Checkmate for Gambit

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Familiar Names and One Unknown Among Leaders at Gibraltar Chess Tournament

Game Replays

With a draw in Round 7 against Victor Mikhalevski of Israel, Vassily Ivanchuk of Ukraine held on to the lead of the Tradewise Gibraltar Chess Festival.

Ivanchuk has 6 points, followed by Mikhalevski, Nigel Short of England, Daniel Fridman of Germany, Michael Roiz of Israel, Geetha Narayanan Gopal of India, and Salome Meila of the Republic of Georgia, who each have 5.5. points.

A group of 21 players are another half point back in a tie for eighth. Almost of them are grandmasters or international masters, and many of them — Michael Adams of England, Fabiano Caruana of Italy, Alexander Onischuk of the United States, Viktor Bologan of Moldova, to name just a few — are among the best in the world.

There is one anomaly in the group: Paul Szuper of the United States. Measured by his international rating of 2,174, he is not a master. According to his United States rating of 2,208, he is just above the level of a master.

(Ratings are used to measure the relative ability of players. The higher the rating, the better the player. Masters are above 2,200, International masters usually rank from about 2,400 to 2,500 and grandmasters from 2,500 on up. The highest rated players in the world are just over 2,800.)

Szuper has put together a rather remarkable string of results, though he started by losing to someone with a rating 2,164. He then beat two lower-rated players before drawing with Inna Gaponenko, a Ukrainian international master rated 2,466. In Round 5, he beat Natalia Pogonina of Russia, a women’s grandmaster, who is rated 2,472, and then beat Damien Lemos, an Argentinian grandmaster rated 2,553, in Round 6. In Round 7, he drew with Vyacheslav Ikonnikov, a Russian grandmaster who is 2,580.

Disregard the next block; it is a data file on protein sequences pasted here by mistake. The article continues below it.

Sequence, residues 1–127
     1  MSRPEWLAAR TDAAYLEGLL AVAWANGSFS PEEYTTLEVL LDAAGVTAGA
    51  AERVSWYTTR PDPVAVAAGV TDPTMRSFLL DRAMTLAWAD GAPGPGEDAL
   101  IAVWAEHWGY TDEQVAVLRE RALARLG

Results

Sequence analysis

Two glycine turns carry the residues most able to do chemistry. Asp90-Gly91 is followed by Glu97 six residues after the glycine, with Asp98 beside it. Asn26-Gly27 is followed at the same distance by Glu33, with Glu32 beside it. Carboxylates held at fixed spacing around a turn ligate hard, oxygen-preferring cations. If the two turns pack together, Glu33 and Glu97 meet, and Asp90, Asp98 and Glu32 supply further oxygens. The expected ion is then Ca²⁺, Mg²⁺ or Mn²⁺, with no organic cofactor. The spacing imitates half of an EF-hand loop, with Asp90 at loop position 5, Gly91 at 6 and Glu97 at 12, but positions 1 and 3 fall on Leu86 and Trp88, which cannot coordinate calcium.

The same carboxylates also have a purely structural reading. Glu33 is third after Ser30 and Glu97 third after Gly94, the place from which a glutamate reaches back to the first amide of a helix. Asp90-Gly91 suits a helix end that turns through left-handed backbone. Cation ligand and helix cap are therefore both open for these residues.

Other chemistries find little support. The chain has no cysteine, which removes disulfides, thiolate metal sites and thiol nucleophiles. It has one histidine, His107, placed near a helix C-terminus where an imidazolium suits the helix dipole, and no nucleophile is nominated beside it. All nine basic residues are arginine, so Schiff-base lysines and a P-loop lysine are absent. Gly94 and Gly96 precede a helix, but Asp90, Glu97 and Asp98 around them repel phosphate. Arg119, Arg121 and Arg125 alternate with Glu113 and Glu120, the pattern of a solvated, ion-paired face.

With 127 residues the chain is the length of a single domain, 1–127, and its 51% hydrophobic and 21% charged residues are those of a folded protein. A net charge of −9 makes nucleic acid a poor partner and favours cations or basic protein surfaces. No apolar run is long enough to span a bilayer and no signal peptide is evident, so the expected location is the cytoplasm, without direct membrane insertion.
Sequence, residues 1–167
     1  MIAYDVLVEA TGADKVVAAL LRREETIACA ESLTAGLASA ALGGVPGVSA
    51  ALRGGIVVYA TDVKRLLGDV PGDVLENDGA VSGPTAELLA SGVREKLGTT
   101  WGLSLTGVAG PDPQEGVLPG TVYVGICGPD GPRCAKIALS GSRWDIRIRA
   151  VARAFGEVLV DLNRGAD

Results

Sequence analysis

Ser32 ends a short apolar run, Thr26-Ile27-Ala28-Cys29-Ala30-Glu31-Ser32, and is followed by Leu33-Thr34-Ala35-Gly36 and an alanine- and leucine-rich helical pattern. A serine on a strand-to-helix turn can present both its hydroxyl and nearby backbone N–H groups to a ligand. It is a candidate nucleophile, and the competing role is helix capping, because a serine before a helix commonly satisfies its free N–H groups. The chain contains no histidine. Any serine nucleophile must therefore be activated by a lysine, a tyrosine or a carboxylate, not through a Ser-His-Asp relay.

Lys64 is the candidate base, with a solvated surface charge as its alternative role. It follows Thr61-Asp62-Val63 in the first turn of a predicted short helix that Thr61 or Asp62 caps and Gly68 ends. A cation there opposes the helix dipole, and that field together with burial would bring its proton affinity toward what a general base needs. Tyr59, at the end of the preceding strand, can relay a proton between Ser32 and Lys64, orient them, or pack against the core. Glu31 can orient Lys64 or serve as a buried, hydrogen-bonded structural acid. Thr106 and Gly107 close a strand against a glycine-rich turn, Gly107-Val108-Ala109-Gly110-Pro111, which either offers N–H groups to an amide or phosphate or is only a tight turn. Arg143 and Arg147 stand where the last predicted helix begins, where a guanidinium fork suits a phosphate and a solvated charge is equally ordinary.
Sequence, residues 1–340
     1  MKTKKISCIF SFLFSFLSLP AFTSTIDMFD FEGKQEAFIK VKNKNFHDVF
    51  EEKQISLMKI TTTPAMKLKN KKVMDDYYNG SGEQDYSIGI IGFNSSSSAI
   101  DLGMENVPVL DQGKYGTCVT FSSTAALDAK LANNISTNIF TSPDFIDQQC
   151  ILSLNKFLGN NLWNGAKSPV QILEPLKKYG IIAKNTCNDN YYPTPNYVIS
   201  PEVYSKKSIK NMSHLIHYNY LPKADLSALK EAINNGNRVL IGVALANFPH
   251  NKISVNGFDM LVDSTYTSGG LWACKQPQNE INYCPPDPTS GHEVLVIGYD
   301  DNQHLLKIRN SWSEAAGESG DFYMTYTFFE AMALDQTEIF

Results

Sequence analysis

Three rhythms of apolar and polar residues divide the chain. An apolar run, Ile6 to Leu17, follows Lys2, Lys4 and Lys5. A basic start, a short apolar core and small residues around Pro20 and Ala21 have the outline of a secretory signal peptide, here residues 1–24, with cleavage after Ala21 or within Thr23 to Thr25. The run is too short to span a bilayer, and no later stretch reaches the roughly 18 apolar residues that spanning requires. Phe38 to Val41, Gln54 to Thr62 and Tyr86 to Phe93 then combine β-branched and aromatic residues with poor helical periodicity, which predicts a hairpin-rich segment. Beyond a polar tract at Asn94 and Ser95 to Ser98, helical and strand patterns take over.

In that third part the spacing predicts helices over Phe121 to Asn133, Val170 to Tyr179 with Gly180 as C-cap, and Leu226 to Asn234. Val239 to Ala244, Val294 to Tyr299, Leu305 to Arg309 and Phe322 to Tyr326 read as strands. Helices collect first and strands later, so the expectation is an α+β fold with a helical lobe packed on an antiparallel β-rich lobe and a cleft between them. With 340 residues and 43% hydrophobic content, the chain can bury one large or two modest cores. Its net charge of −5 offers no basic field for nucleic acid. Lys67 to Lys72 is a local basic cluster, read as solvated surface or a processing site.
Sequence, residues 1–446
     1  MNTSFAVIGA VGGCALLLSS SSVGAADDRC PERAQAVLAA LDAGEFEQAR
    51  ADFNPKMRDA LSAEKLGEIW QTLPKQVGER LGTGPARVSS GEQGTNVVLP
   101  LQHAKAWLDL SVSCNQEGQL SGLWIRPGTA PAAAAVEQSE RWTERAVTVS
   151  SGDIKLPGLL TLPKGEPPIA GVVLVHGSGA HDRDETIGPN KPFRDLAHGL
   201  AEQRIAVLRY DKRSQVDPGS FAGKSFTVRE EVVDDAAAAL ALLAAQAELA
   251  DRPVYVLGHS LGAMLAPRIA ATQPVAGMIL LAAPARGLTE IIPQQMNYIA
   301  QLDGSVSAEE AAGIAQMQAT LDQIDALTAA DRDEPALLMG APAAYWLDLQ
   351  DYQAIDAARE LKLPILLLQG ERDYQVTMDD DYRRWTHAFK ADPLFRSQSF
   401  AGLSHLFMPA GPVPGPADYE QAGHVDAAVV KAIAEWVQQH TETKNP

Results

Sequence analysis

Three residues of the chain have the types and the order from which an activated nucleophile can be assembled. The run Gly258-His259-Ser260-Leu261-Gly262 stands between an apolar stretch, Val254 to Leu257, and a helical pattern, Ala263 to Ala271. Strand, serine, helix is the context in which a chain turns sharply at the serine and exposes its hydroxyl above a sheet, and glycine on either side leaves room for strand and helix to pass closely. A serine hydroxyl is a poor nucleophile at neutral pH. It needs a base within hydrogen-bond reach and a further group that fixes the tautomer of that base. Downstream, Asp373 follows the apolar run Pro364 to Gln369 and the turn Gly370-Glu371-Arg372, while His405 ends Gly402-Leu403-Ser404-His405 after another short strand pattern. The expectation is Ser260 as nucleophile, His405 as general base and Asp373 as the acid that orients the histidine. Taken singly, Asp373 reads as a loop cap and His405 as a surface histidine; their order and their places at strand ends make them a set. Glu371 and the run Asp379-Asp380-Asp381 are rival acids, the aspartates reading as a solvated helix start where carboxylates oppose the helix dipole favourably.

A lower-ranked player is bound to beat or draw with an elite player occasionally, but putting together a streak like Szuper’s almost defies the odds. He will be hard-pressed to continue to do it as he plays Viktor Erdos, a Hungarian grandmaster rated 2,593, on Tuesday.

Many of the women players who started out so well in the tournament have not been able to maintain the same pace. Tuesday, Nadezhda Kosintseva of Russia and Nana Dzagnidze of the Republic of Georgia both lost to strong grandmasters. They are now among a large group of players with 4.5 points.

More results and the pairings for Round 8 are on the tournament’s Web site. The tournament is 10 rounds and runs through Thursday.

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